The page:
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Right On: Capitol Hill Republicans

The Young, Conservative Cigar Caucus of Capitol Hill Is Celebrating Its Newfound Power with Plenty of Cigars
Alejandro Benes
From the Print Edition:
Arnold Schwarzenegger, Summer 96

(continued from page 2)

"I spent most of my trip trying to find cigars. Once they even took me to a barber shop," Cooper recalls. "I just couldn't seem to make them understand that I was looking for cigars. Then I discovered that the hotel had a Dunhill shop downstairs, but it was on my last day there. I wish I had budgeted better so I could have bought more cigars." On the flight home, Cooper experienced what is now forbidden on all domestic airlines and most international flights. "I got to smoke on the plane. It was great. I had to ask the flight attendant and she said that if it was all right with everyone in first class, then it was all right with her. Since most of the people were from the same tour I was with, they didn't mind. So there I am being able to smoke, in the air, in an airplane. I smoked three or four great cigars on the 17-hour flight."

Cooper will not admit that the cigars were Cohibas until Roff reminds him that he was flying over international waters. Cooper is smiling as he finishes the story and as his colleagues joke with him about a restaurant that went out of business after it named a new cigar friendly dining room after him. He quickly, though unsubltly, turns the conversation back to politics. "Do they grow tobacco in Bosnia? What is our compelling interest in being there?"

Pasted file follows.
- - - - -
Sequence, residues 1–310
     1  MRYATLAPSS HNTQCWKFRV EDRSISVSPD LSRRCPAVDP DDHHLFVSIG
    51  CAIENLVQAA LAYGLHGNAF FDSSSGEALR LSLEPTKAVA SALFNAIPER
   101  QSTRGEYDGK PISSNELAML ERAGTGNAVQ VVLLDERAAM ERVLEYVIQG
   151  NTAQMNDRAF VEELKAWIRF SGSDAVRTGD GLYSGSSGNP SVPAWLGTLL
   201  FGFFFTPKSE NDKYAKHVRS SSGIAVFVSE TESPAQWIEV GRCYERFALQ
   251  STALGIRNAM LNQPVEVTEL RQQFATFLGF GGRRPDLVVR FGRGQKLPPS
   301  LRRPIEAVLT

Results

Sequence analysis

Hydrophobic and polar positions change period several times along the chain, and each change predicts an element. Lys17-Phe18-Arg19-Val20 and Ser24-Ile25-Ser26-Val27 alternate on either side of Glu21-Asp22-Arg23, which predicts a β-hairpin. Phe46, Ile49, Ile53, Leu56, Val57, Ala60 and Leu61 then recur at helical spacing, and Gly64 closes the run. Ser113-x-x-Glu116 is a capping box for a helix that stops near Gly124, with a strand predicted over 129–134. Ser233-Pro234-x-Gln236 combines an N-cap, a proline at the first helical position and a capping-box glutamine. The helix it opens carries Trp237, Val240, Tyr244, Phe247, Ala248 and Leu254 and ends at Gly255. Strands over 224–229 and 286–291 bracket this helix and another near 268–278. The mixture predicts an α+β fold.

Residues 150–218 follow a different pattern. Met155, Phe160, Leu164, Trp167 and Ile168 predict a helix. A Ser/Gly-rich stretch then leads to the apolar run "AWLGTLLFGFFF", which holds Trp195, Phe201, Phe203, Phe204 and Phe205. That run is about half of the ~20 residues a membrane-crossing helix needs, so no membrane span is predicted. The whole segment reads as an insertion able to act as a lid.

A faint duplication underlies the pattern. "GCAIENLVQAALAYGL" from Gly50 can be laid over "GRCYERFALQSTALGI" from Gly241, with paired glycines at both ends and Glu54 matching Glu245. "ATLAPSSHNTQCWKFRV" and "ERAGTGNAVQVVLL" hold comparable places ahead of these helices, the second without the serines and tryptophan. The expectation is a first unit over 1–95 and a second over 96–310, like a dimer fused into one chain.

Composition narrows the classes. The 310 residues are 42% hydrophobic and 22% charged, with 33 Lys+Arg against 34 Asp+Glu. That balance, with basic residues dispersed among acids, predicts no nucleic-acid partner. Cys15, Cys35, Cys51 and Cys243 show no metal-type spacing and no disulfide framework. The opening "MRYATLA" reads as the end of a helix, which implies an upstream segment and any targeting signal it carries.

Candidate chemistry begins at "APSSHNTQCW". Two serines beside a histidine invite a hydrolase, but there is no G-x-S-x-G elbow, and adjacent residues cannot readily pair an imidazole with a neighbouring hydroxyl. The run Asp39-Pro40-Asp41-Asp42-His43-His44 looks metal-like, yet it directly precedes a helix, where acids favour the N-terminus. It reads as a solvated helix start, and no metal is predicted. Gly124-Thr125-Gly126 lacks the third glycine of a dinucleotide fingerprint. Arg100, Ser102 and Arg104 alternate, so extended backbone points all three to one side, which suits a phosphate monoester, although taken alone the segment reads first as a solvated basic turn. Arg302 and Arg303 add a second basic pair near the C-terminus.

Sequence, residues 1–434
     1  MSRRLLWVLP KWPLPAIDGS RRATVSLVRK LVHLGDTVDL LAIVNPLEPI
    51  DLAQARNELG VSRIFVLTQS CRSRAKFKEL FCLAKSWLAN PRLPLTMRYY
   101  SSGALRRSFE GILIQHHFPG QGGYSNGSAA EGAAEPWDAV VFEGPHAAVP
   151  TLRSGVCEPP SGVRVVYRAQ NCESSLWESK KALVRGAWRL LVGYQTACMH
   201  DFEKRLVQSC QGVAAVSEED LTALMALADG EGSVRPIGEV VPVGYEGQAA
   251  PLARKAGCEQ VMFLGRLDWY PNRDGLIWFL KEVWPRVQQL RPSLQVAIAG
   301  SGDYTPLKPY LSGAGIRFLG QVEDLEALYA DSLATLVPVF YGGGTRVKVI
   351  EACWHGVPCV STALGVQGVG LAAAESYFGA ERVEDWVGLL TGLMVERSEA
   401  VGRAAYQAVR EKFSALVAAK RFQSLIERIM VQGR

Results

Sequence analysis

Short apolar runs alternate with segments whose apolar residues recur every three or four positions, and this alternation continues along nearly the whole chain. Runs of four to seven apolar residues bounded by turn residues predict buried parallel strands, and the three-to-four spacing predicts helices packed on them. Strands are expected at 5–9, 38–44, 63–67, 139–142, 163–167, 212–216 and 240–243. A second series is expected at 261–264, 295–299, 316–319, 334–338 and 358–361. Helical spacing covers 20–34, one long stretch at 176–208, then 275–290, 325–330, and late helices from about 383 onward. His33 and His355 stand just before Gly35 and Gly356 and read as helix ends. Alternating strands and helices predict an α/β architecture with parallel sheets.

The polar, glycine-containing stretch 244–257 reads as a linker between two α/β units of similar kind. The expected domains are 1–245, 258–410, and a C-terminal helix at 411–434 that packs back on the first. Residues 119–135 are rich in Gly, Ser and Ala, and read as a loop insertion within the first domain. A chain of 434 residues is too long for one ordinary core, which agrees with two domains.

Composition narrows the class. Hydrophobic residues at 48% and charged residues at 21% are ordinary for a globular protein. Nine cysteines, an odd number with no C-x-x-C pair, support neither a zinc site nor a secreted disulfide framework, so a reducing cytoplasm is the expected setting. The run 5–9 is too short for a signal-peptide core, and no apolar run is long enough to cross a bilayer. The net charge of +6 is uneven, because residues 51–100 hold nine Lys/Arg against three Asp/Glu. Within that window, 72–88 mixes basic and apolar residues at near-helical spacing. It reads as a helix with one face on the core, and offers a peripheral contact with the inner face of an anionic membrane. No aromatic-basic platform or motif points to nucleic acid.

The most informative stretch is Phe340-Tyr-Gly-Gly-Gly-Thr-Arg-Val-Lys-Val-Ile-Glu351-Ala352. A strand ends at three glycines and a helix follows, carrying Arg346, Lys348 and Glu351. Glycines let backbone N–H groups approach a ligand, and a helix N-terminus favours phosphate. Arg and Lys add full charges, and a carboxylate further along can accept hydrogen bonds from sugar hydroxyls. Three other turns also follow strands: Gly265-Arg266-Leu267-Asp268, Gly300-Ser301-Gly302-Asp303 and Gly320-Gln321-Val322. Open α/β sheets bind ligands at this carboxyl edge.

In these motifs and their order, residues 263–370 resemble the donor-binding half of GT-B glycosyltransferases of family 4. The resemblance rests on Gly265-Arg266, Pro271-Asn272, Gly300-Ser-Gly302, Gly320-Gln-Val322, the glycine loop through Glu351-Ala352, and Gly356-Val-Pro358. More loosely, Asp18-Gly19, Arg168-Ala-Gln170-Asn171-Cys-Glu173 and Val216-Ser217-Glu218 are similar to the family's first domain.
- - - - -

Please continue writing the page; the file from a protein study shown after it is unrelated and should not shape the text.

"I think we really need somebody to run against Clinton who actually believes in what he's saying and that there's no doubt that he believes in his convictions," says David Lehman, legislative counsel to Rep. Lamar Smith of Texas. Lehman, whose favorite cigar is the Cuban Romeo y Julieta Churchill, has been quiet until this point, but now he speaks up about Pat Buchanan. "I also think there is a person who does that, that no one seems to like and he just won New Hampshire. He's a force to reckon with. And there's no doubt that people think he believes in what he says."

Hazeem is listening to Lehman, with whom she has a personal relationship outside of Capitol Hill. "I liked Gramm. I really liked what I thought he would do," Hazeem says. "I liked Buchanan and, as I said to someone, I didn't get the memo as to why suddenly free trade is the issue for Republicans....There are other reasons that people don't like Buchanan and it's not about that. I like Bob Dole and I think that Buchanan has really forced Bob Dole to come out and say what he stands for, what he really believes as opposed to what kind of president he would be."

"I would concede this with Buchanan: He certainly says what he believes," says Lampkin. "You know where he stands, but--and it's a huge, capital but--he's not truly a leader because he's playing into the same kinds of things that leaders don't. When he's anti-trade, that's playing to the common denominator, " he says, mimicking Buchanan now, " 'The reason we're losing jobs and the economy's not growing, it's because we're being sold out overseas.' That's not leadership. America has been successful in competing and we don't need to have protectionist policies for us to compete. We have always made better products that sold across the border."